In saying this, there is however many very important foundation skills I will suggest, or existing natural traits in each dog, that will help you move forward successfully without having to keep coming back to patch holes in your wall. The Foundation Approach allows you to asses natural instincts,
When I first started, I worked with many people and I was shown a variety of ways to “train” my dog. The one that stuck with me the most came from my mentor and friend the late Bob Vest. He was the first person in a list of probably 4-5 in my first years, to say “Let ‘em work”. He had many neat expressions such as “It’s his wreck, let him fix it”.
My first clinic with Bob and my first dog Tucker who periodically liked to split off a sheep but always returned with it. I would have completely ruined the dog on my own if I had shut down his attempts to re-group the sheep. Tucker became one of the best all around farm dogs when it came to keeping things together (without asking) while retrieving my sheep from the vast expanse of creeks, and fields and trees and forest which were my back yard. I learned how to properly set up an electric fence eventually.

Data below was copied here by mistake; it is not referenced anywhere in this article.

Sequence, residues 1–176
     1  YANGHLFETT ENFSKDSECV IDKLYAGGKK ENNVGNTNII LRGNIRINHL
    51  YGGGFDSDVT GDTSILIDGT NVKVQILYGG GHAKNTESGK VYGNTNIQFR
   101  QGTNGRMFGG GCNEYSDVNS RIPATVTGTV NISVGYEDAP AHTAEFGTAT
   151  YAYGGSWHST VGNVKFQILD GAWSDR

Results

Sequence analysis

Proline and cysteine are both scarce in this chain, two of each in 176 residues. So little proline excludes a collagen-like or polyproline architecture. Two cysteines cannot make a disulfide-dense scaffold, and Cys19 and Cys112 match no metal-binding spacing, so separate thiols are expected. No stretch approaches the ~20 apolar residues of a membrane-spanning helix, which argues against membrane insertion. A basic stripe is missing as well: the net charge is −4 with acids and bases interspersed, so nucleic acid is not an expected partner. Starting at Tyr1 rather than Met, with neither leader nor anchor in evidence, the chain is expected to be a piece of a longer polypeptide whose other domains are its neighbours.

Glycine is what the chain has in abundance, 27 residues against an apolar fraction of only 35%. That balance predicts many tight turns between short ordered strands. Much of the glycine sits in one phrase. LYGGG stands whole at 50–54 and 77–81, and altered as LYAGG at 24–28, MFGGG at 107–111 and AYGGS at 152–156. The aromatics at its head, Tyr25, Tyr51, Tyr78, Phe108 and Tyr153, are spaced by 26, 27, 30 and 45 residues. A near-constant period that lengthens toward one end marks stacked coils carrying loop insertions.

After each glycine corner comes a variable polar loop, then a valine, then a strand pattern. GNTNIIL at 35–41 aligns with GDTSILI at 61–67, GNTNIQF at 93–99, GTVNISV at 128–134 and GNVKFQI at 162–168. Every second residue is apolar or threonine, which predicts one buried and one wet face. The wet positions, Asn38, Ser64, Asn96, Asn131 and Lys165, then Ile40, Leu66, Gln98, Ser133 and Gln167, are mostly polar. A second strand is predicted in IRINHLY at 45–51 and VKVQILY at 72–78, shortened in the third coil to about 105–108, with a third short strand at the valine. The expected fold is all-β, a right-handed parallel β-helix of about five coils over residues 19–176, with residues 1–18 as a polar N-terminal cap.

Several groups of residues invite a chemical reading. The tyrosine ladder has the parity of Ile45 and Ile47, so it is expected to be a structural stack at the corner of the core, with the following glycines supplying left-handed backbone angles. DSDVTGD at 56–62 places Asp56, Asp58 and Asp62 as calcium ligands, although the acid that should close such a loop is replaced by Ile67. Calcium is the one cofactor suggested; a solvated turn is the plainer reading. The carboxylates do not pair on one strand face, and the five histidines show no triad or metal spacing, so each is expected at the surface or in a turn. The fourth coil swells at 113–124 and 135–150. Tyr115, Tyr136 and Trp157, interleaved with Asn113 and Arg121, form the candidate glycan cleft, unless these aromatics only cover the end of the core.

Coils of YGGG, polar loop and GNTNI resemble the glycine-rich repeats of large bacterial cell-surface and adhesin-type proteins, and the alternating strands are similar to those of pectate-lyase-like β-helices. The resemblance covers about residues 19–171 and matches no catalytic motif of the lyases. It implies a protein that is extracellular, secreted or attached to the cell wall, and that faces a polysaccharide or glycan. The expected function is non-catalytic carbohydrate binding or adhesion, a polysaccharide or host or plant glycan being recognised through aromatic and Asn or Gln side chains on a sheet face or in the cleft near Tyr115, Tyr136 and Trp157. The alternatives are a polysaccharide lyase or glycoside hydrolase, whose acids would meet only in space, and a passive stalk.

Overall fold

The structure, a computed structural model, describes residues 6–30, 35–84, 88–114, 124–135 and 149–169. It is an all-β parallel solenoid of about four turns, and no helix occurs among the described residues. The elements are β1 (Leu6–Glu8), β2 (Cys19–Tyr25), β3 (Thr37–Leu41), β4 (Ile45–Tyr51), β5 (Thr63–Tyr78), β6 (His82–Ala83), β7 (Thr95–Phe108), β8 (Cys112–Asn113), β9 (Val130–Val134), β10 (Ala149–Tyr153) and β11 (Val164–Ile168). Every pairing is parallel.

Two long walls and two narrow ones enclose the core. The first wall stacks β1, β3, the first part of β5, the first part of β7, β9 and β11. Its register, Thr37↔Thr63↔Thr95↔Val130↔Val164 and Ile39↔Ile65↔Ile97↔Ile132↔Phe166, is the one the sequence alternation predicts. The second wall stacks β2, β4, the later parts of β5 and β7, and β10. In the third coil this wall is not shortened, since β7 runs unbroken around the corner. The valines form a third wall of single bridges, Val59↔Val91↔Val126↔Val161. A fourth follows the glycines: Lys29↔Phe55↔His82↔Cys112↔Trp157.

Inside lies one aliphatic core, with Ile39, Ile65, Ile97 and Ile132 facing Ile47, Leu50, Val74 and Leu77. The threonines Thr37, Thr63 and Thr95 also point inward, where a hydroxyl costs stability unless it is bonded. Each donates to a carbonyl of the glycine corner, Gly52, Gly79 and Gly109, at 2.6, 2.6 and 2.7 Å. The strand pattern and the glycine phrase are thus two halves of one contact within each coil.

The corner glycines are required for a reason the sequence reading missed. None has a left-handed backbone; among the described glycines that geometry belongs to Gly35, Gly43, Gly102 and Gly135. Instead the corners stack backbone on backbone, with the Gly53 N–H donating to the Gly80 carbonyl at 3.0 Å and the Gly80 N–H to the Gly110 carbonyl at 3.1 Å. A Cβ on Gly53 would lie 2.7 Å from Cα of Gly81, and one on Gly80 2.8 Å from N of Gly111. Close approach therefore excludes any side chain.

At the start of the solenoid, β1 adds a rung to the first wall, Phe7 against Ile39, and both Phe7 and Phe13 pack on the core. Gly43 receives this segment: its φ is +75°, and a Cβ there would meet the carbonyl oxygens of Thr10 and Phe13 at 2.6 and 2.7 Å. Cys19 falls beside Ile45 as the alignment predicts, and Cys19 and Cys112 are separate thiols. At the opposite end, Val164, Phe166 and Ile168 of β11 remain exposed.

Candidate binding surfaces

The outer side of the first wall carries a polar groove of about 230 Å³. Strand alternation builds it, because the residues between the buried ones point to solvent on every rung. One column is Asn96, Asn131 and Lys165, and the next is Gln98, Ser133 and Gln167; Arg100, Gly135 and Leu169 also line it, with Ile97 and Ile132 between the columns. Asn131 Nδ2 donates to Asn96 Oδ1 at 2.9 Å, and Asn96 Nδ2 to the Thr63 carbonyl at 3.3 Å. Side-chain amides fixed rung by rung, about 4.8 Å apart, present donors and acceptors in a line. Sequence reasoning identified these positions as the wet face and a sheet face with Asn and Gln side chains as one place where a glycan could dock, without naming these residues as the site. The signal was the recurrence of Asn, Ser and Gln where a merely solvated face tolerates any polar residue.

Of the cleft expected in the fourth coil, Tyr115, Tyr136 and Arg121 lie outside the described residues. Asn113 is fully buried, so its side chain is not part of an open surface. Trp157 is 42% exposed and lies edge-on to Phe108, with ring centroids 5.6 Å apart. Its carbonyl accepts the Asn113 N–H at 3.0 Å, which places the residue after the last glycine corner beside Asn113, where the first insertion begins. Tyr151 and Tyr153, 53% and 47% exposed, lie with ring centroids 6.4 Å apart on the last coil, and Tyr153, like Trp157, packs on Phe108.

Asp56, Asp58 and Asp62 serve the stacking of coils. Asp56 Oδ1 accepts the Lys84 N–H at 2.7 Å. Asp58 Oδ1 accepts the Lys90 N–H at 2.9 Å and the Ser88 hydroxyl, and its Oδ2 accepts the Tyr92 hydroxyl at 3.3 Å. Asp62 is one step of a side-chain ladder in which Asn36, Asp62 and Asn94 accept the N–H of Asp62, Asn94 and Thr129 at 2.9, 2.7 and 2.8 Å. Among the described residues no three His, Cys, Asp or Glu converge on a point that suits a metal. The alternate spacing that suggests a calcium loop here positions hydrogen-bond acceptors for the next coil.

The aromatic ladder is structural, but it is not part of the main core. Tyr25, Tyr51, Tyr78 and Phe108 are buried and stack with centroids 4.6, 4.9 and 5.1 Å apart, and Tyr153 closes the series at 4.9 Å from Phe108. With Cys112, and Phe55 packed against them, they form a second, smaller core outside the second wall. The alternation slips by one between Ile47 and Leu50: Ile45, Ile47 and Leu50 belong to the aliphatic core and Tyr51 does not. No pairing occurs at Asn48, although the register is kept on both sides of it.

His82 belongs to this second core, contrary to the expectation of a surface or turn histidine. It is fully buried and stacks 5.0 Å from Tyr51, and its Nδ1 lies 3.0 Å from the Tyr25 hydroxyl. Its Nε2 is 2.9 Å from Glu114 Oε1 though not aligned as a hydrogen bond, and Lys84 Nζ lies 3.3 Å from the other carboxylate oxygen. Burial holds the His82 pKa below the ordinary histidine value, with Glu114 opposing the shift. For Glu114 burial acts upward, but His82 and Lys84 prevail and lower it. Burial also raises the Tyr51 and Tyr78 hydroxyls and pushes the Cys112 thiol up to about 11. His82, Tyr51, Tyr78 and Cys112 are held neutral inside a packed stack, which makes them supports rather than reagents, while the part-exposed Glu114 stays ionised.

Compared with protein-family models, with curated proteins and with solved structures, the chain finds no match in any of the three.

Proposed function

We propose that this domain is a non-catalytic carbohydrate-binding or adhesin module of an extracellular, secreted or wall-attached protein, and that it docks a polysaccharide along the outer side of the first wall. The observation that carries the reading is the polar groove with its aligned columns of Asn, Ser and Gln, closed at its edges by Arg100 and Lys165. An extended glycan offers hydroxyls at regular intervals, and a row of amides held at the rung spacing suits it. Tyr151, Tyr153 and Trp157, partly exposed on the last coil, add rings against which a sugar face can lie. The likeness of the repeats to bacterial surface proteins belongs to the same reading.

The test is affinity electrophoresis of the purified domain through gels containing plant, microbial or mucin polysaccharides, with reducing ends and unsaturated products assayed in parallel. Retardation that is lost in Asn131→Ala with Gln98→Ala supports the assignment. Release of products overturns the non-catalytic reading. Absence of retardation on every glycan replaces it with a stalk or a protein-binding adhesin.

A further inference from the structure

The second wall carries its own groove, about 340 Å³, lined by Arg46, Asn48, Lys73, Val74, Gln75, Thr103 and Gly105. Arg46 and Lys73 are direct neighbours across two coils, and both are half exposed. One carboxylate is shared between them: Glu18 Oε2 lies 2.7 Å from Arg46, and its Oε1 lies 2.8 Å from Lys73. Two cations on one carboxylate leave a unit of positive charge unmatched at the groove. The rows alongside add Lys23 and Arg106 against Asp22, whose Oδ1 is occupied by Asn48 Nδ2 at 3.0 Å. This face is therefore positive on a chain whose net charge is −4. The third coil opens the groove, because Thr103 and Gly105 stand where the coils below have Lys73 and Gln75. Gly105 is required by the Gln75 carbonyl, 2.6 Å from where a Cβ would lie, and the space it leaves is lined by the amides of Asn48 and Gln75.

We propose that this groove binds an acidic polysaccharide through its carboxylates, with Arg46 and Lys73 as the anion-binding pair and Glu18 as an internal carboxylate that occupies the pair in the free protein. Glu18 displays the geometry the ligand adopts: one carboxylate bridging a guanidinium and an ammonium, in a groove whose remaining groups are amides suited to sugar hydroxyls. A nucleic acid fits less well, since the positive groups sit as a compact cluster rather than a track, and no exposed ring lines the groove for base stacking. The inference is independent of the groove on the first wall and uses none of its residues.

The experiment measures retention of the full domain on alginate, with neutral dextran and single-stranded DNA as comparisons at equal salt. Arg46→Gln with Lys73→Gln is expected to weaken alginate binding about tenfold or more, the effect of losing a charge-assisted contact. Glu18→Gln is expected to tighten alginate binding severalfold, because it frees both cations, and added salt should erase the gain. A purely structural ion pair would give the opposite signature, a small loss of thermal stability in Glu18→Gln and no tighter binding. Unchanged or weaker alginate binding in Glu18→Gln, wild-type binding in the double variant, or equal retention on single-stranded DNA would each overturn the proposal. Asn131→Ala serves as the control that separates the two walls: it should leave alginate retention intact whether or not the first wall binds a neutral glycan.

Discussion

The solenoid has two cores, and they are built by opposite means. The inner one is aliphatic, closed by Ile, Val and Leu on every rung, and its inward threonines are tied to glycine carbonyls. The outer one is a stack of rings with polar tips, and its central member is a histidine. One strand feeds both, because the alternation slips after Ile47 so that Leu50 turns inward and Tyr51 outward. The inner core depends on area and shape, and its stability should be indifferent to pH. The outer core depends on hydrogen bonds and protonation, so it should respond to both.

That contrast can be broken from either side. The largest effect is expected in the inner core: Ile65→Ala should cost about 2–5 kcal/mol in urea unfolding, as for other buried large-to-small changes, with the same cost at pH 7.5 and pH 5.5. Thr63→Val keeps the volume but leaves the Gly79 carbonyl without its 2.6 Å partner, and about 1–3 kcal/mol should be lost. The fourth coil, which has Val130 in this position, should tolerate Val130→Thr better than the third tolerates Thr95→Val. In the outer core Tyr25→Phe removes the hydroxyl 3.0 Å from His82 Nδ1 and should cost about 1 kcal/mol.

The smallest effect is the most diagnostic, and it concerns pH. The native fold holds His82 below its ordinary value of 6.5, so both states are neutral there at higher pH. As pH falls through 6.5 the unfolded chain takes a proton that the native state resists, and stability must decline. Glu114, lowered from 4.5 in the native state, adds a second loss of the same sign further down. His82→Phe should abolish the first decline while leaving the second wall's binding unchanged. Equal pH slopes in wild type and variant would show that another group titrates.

Bob taught many people around N America and it’s always fun to run into people who worked with him s we often shared the same sentiments about training. And we could share the catch phrases. Sometimes, the expressions varied a little but the message was the same.
Bob told me there were two ways to train a dog and each were equally important: